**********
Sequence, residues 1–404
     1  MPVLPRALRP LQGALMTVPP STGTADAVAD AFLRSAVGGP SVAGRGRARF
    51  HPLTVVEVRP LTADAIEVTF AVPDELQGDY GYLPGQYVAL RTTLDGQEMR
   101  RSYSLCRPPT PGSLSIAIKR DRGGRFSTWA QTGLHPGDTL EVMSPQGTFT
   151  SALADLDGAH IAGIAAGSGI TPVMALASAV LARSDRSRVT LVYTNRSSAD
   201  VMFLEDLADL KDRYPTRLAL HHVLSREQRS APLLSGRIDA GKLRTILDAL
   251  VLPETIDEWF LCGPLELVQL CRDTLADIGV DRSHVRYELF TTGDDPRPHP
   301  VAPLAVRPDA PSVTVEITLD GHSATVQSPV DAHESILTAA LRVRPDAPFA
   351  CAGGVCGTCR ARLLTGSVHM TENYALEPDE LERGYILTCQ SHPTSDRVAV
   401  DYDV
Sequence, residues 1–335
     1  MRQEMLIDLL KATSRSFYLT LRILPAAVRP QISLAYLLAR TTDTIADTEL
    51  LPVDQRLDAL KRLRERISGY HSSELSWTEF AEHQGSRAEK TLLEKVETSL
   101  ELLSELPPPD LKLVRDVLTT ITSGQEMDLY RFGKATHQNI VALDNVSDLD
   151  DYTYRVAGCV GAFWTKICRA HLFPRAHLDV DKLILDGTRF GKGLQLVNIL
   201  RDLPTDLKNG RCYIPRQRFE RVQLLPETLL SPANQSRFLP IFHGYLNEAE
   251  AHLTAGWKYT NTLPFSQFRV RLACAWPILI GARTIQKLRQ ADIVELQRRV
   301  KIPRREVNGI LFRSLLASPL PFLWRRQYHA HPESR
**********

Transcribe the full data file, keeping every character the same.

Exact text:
Sequence, residues 1–404
     1  MPVLPRALRP LQGALMTVPP STGTADAVAD AFLRSAVGGP SVAGRGRARF
    51  HPLTVVEVRP LTADAIEVTF AVPDELQGDY GYLPGQYVAL RTTLDGQEMR
   101  RSYSLCRPPT PGSLSIAIKR DRGGRFSTWA QTGLHPGDTL EVMSPQGTFT
   151  SALADLDGAH IAGIAAGSGI TPVMALASAV LARSDRSRVT LVYTNRSSAD
   201  VMFLEDLADL KDRYPTRLAL HHVLSREQRS APLLSGRIDA GKLRTILDAL
   251  VLPETIDEWF LCGPLELVQL CRDTLADIGV DRSHVRYELF TTGDDPRPHP
   301  VAPLAVRPDA PSVTVEITLD GHSATVQSPV DAHESILTAA LRVRPDAPFA
   351  CAGGVCGTCR ARLLTGSVHM TENYALEPDE LERGYILTCQ SHPTSDRVAV
   401  DYDV
Sequence, residues 1–335
     1  MRQEMLIDLL KATSRSFYLT LRILPAAVRP QISLAYLLAR TTDTIADTEL
    51  LPVDQRLDAL KRLRERISGY HSSELSWTEF AEHQGSRAEK TLLEKVETSL
   101  ELLSELPPPD LKLVRDVLTT ITSGQEMDLY RFGKATHQNI VALDNVSDLD
   151  DYTYRVAGCV GAFWTKICRA HLFPRAHLDV DKLILDGTRF GKGLQLVNIL
   201  RDLPTDLKNG RCYIPRQRFE RVQLLPETLL SPANQSRFLP IFHGYLNEAE
   251  AHLTAGWKYT NTLPFSQFRV RLACAWPILI GARTIQKLRQ ADIVELQRRV
   301  KIPRREVNGI LFRSLLASPL PFLWRRQYHA HPESR